After exiting the freeway, I was so keyed up from the weekend and that final drive, that I had to stop at the local Trader Joe’s and walk two speedy laps around the parking lot to blow off steam before I went home.  I knew I couldn’t deal with my child without exercising first.  The troops selling Girl Scout Cookies in front of Henry’s Market looked at me with suspicious eyes when I whipped past them the second time.  Oh well.  Had to do it.

And then today.  I was okay today until I brought the boy home.  And then the screaming.  My throat hurts from my part.  I imagine his throat hurts too.  He was LOUD.

What kills me about this afternoon is the amazing good mood he was in when I picked him up from school.  He was laughing and skipping and so excited about everything he saw.  I should have known it would spiral out of control the minute we walked into the house.

But really, how AM I to know that?  I know my son so well and I still don’t know that.  I don’t know what will set him off.  Certainly, I have a long list of potentials in my head, things I avoid when possible, but I can’t predict it all and I grow weary trying to anticipate it.

This month, for example, after he uses the toilet, he wants one of us to take the lid and seat from his hand and lower it for him.  Even if he is upstairs and we are downstairs, he will scream at us to do this.  We don’t, but it makes him crazy.

And he wants us to carry him from the couch to the kitchen or from the kitchen to the stairs or the couch to the toilet or the toilet to the chair.  We say “no” and employ one of a dozen psychological tactics to get him to accept our answer, but he just gets madder.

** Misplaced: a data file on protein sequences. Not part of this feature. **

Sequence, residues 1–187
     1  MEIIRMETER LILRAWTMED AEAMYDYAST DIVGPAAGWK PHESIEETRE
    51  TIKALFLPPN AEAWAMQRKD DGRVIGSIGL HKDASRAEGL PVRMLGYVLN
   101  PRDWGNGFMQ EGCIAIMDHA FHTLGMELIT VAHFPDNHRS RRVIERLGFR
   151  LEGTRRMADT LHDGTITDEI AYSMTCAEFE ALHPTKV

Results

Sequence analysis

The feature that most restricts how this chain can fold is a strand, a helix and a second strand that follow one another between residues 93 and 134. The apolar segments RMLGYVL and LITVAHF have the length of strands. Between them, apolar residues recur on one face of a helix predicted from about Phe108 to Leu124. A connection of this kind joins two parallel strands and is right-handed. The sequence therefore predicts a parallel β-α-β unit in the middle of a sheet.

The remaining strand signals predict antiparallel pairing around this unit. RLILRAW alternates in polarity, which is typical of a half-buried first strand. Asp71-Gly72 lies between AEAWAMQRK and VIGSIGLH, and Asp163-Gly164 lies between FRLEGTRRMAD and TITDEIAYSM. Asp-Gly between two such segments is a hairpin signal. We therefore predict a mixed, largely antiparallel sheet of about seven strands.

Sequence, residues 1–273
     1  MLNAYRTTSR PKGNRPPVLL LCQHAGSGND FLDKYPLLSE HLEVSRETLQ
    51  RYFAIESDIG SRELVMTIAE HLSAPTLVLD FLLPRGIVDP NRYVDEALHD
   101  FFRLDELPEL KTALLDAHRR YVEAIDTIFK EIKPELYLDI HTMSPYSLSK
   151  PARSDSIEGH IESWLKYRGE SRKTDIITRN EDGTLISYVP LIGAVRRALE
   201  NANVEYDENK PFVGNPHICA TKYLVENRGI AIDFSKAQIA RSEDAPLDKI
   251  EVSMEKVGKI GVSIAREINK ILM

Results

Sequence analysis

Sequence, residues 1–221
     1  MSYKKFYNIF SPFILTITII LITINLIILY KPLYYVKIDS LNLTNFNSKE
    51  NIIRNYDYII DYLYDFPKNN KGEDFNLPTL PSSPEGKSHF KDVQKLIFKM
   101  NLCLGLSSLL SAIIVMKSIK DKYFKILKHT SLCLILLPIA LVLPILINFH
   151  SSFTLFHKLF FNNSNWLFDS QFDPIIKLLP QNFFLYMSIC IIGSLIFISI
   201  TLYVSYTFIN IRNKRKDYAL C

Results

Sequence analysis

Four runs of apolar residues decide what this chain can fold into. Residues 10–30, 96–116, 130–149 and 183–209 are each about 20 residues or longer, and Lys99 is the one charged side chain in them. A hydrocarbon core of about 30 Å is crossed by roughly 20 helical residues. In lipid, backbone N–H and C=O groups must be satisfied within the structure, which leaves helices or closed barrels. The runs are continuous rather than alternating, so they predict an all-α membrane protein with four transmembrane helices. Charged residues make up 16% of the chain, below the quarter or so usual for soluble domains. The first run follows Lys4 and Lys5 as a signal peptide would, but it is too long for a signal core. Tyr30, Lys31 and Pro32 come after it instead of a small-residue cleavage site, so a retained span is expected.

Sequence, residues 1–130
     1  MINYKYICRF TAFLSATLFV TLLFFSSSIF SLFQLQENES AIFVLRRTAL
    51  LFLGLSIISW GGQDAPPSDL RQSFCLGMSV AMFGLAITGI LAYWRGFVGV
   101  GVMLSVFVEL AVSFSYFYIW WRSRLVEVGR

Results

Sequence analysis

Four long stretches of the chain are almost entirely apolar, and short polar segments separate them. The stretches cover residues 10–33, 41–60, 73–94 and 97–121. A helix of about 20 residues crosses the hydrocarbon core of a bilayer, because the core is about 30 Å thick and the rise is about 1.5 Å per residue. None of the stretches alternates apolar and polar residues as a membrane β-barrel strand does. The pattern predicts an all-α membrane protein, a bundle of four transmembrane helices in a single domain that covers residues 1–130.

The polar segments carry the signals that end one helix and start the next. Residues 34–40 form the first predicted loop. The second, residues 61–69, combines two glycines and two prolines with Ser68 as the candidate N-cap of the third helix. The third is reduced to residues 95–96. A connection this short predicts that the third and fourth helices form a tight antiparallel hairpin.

He has to walk back and forth three or more times in the same spot before he can go forward and do something.  Today, he wanted a cup.  The cup was right in front of him in the pantry, two feet away, but he wanted me to get it.  I was across the room and I told him “no.”  Then I stood and watched in sadness and some disbelief as he tried to go forward to get it himself, but instead went in every direction but toward it.  He went sideways and backwards and he spun in circles, but he couldn’t get that cup.  It made us both crazy.  Yesterday he chose a cup from the same location with no problem at all.  I don’t know what was different about today.

And the snack in his hand? Pocky.  He couldn’t eat it anymore.  Once he came to the understanding that he couldn’t get the cup, he was no longer capable of holding the snack.  He crushed it, almost involuntarily, and he seemed miserably sad about it.  I told him to throw it away.  He did, but it was physically challenging for him.  And then, of course, he wanted me to take the trash can lid from his hand and lower it.  I didn’t.  More upset.

I am fatigued by writing about this.

I have to wrap this up.

If you made it this far, you are a good friend.

Maybe you could babysit for us some time.

Happy Monday.

♥♥